Recovering Pharmacological Determinants of Abuse
The method finally demonstrated its ability to recover pharmacological determinants of abuse, such as a preference for specific formulations and high doses for several pharmacological classes (e.g., benzodiazepines, opioids, and methylphenidate) (40, 42–45).
The effect of formulation is especially notable for methylphenidate, which was available in five formulations, using different extended-release technologies and ratio of immediate-release/extended-release methylphenidate in France in 2016. On the same year, a study was conducted among the 63,739 patients who received methylphenidate in the 67 million inhabitants in France. Patients with doctor shopping behavior preferred formulations with a higher ratio of immediate-release/extended-release methylphenidate (e.g., methylphenidate with Spheroidal Oral Drug Absorption System and methylphenidate immediate-release) over methylphenidate with Osmotic-Controlled Release Oral Delivery System (OROS) (45) (Figure 3). Given that the use of intravenous route for methylphenidate is frequent in France (79–81), this pattern also suggests that a part of methylphenidate obtained by doctor shopping may be used by intravenous route, because methylphenidate OROS is the least preferred drug for intravenous route in drug-abusing patients (82). Interestingly, OROS increases the time for preparing due to the viscosity of the preparation, which may be the reason for this preference (83).
Similarly, the effect of dose is especially notable for oxycodone, which was available in 12 doses from 5 to 120 mg in France in 2016. A study was conducted in 2016 among the 212,753 patients who received oxycodone in the 67 million inhabitants in France. There was a dose-response-like relationship between dose and doctor shopping (i.e., the quantity obtained by doctor shopping increased with the dose for both immediate- and extended-release tablets) (44) (Figure 3). Interestingly, as soon as 2008, the method detected a first signal for oxycodone, particularly in one region (81), although no oxycodone abuse had been detected in France back then. This finding underlines the usefulness of local monitoring to assess the geographical specificities of abuse, which may help to target public health interventions (84).
Added Value of Doctor Shopping Monitoring to Improve the Early Detection of Prescription Drug Abuse Within a Multidimensional Monitoring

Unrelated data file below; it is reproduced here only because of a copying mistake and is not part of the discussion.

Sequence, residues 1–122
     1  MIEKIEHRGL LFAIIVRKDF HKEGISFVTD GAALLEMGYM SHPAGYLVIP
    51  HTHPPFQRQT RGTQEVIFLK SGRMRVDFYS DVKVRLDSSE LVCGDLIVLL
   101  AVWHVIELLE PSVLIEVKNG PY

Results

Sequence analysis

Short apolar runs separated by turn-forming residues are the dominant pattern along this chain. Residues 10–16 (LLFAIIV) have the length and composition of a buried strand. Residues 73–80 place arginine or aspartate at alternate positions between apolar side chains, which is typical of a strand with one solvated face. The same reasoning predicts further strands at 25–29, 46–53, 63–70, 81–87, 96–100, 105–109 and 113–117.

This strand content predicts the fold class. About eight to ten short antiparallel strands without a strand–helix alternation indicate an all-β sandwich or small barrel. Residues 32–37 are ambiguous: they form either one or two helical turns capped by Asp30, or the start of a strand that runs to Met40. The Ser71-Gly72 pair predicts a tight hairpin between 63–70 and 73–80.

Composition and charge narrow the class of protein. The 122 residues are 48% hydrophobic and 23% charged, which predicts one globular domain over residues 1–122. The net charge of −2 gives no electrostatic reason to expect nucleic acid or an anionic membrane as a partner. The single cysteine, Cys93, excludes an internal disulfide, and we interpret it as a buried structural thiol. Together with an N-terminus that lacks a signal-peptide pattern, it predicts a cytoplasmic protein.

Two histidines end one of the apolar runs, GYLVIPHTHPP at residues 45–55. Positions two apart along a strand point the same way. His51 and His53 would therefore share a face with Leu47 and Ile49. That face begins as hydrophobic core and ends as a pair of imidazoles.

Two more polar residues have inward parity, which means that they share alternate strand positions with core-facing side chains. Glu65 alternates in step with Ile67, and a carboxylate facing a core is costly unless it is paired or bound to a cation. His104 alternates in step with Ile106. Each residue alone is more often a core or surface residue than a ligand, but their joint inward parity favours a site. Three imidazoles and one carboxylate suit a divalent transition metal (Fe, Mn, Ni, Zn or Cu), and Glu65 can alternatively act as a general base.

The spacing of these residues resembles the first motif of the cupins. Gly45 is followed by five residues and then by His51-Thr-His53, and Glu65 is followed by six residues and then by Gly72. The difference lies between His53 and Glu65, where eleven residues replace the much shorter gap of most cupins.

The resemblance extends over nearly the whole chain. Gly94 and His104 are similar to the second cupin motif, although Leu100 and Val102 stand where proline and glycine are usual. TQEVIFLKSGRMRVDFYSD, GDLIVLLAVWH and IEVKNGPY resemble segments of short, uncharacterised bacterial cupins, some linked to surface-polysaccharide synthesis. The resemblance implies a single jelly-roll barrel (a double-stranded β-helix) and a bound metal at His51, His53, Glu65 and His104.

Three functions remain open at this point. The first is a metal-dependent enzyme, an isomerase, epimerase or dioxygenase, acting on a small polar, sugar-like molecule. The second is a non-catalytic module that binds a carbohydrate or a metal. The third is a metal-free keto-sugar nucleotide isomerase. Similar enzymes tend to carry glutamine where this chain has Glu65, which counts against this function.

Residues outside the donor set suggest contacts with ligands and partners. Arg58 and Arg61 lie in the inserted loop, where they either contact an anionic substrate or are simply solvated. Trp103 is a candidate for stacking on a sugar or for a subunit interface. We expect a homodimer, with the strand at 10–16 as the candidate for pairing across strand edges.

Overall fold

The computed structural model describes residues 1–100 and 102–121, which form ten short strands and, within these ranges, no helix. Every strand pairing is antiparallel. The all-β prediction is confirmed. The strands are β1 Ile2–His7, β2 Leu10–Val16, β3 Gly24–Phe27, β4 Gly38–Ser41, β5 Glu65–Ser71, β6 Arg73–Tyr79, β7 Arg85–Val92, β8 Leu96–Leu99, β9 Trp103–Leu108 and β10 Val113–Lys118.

In order to face the challenges of monitoring prescription drug abuse, several authors and health authorities advocate for a multidimensional proactive post-marketing monitoring (10–12). Such a multidimensional monitoring is already operational in France through the French Addictovigilance Network (85–90). In addition to a spontaneous notification by health professionals and pharmacoepidemiological studies from claims databases (91, 92), multiple ad hoc studies have been conducted nationwide, such as: the OSIAP program, to detect forged prescription (93, 94); the OPPIDUM program, to detect psychoactive drug use in drug-abusing patients (95, 96); the DRAMES program, to detect deaths related to psychoactive drugs; the DTA program, to detect deaths related to analgesic prescription drugs; or the chemical submission program, to detect psychoactive drugs administered without the victim's knowledge (97).
The multidimensional monitoring conducted by the French Addictovigilance Network enables the detection of signals by crossing complementary data sources, which overcomes the limitation of each data source taken individually (Figure 4). In addition to the already existing programs of the French Addictovigilance Network, the added value of doctor shopping monitoring is its ability to exhaustively detect drug-abusing patients in the general population, and for all the marketed prescription drugs. This ability in not only theoretical, as demonstrated by a nationwide quantification of doctor shopping recently conducted in France for 220 psychoactive prescription drugs from many pharmacological classes (e.g., opioids, benzodiazepines, stimulants, antihistamines, gabapentinoids, antidepressants, and antipsychotics) (98). Given its automatic nature, the method can be implemented routinely, with minimal costs and limited workforce. Interestingly, doctor shopping monitoring is not impaired by under-declaration. Such features make doctor shopping monitoring a complementary tool, which is even more topical in the big-data era to assess prescription drug abuse and detect emerging trends in the field of addictovigilance as early as possible (99).
Figure 4. Multidimensional monitoring conducted by the French Addictovigilance Network to detect signals by crossing complementary data sources.